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ENERGY TECH
BP asset sales in Colombia -- Europe next?

Iran oil minister heads to China seeking new investment
Tehran (AFP) Aug 3, 2010 - Iranian Oil Minister Massoud Mirkazemi heads to China on Wednesday seeking new investments in the country's energy sector, including funding for new refineries, a report said on Tuesday. The oil ministry's news agency Shana reported that Beijing has expressed its desire to invest in the refining sector, an area where Iran is still not self-reliant. In its drive to tighten sanctions against Iran, the United States has targeted its energy and downstream oil sector in particular, given that Tehran is OPEC's second largest crude exporter but still imports around 40 percent of its gasoline requirements.

In recent years Beijing has emerged as Iran's main economic partner, filling the gaps in the country's energy sector left by Western firms forced out by international sanctions. China is already investing 40 billion dollars in Iran's oil and gas industry, deputy oil minister Hossein Noqrehkar Shirazi said on Saturday. China backed the fourth set of UN sanctions against Iran over its nuclear ambition, but Beijing has consistently urged the world powers to resolve the crisis diplomatically. On Friday, it opposed the latest unilateral sanctions on Iran imposed by the European Union, which are also designed to strike at the vital energy sector, as well as its banking and transport segments.

A senior US lawmaker meanwhile called for imposing sanctions on China and Russia too for investing in Iran's energy sector. "It's time to implement our sanctions laws and demonstrate to Russia and China that there are consequences for abetting Tehran and flouting US sanctions," Representative Ileana Ros-Lehtinen said in a statement. Ros-Lehtinen, the top Republican on the House Foreign Affairs Committee, said firms run by the Russian and Chinese governments had invested "huge sums" in Iran's energy sector, "effectively bankrolling" Tehran's alleged nuclear weapons programme and its backing of Islamist groups. "Russia and China appear determined to continue to facilitate Iran's dangerous policies. This must not be allowed to continue without serious repercussions," she said. Her comments came as a top US State Department official, Robert Einhorn, was on a trip to Asia set to include a stop in Beijing to press China to fully enforce sanctions on Iran.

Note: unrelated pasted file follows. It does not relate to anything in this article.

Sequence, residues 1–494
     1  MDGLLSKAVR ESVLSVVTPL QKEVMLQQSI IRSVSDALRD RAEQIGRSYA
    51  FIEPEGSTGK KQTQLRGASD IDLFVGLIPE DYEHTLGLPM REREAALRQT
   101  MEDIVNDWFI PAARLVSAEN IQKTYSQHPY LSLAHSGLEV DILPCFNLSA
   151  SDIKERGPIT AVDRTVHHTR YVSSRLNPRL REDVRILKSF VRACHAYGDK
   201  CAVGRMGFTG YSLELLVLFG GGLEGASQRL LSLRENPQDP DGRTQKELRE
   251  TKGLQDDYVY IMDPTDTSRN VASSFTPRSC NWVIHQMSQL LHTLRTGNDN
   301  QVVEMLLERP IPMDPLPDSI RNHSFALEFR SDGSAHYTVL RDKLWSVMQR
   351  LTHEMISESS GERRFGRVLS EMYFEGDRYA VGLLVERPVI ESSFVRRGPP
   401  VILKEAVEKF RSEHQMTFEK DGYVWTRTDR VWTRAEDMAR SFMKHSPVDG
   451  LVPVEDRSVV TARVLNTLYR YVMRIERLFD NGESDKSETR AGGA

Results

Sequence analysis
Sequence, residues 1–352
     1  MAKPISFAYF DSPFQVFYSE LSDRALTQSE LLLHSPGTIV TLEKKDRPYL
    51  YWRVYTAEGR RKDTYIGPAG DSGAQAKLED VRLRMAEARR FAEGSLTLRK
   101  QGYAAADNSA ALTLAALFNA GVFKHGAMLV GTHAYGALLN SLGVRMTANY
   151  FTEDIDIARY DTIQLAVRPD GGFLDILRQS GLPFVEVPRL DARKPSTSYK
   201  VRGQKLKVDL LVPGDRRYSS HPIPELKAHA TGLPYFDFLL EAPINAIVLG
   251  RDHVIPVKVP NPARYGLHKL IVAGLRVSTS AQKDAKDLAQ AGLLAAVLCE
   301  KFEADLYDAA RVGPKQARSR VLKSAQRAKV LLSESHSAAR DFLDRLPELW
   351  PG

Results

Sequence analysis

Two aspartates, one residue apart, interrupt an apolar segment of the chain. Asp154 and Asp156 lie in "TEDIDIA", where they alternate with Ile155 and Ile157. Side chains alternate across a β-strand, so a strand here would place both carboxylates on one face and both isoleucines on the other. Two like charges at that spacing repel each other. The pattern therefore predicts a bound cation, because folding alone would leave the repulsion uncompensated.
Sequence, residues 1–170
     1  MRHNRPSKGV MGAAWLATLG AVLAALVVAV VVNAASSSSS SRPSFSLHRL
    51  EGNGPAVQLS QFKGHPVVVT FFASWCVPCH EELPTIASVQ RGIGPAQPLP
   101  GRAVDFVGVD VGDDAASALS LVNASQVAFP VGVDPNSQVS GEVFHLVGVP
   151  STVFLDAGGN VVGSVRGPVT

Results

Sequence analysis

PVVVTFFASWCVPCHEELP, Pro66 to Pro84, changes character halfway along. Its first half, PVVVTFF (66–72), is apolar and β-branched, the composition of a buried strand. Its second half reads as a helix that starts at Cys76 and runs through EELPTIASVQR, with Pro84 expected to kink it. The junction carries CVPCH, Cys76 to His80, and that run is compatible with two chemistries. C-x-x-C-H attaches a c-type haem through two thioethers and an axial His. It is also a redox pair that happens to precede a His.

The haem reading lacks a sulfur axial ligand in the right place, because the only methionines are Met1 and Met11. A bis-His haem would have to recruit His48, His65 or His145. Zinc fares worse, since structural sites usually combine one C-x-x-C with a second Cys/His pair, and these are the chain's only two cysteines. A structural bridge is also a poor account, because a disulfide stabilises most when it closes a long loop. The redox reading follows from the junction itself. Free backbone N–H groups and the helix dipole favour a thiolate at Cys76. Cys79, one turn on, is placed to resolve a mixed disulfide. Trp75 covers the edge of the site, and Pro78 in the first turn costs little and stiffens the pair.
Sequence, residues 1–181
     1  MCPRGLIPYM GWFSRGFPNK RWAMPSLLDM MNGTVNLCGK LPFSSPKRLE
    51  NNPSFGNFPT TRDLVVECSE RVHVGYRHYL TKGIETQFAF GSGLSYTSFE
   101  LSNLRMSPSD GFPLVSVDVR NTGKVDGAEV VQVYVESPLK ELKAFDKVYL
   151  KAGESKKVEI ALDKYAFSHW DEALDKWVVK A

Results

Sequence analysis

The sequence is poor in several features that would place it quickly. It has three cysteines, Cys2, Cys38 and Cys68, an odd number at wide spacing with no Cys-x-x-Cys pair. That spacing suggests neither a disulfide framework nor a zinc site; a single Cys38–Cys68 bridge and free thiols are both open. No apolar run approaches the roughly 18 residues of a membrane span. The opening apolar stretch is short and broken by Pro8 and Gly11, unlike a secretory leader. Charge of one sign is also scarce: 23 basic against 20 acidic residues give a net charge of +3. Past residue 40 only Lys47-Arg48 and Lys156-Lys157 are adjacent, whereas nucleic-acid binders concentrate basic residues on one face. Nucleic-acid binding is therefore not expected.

by Staff Writers
London (UPI) Aug 3, 2010
British oil giant BP Tuesday said it would sell its Colombian business to raise cash for the Gulf of Mexico cleanup, as speculation was soaring across Europe what the company may divert next.

BP said Tuesday that a Colombian and a Canadian company had agreed to buy BP's Colombian business for $1.9 billion -- the first step of a larger attempt to raise $30 billion over the next 18 months to pay for the oil spill in the gulf.

"BP today announced that it has agreed to sell its oil and gas exploration, production and transportation business in Colombia to a consortium of Ecopetrol, Colombia's national oil company (51 percent), and Talisman of Canada (49 percent)," it said in a statement. "The two companies will pay BP a total of $1.9 billion in cash ... for 100 percent of the shares in BP Exploration Company (Colombia) Limited, the wholly owned BP subsidiary company that holds BP's oil and gas exploration, production and transportation interests in Colombia."

The Colombian business owns interests in five oil fields, four separate pipelines and two offshore exploration blocks. Net proved reserves total some 60 million barrels of oil equivalent, the company said.

The sale comes after the resignation of BP Chief Executive Officer Tony Hayward in the wake of the worst-ever quarterly result for the British company, which reported a second-quarter loss of $17 billion.

Hayward, who will step down in October to make way for American Bob Dudley, said he was "delighted with the price we have achieved for these assets."

The sale comes after BP last month agreed to sell a package of assets in the United States, Canada and Egypt to Apache, which has headquarters in Texas, for $7 billion. BP also announced it's planning to get rid of assets in Pakistan and Vietnam, which analysts estimate to be worth around $1.7 billion.

Meanwhile, speculation in Europe is ripe over what assets BP might sell in Europe.

German business weekly Wirtschaftswoche last week cited unidentified investment bankers as saying that BP plans to sell its Aral chain of gas stations. BP owns 2,500 Aral gas stations in Germany that are estimated to be worth around $2.6 billion. The weekly said possible buyers include France's Total, European gas station company Avia and Russia's oil company Rosneft, although the latter has already denied being interested.

BP representatives have in the past days denied that the downstream sector would be affected by sales.



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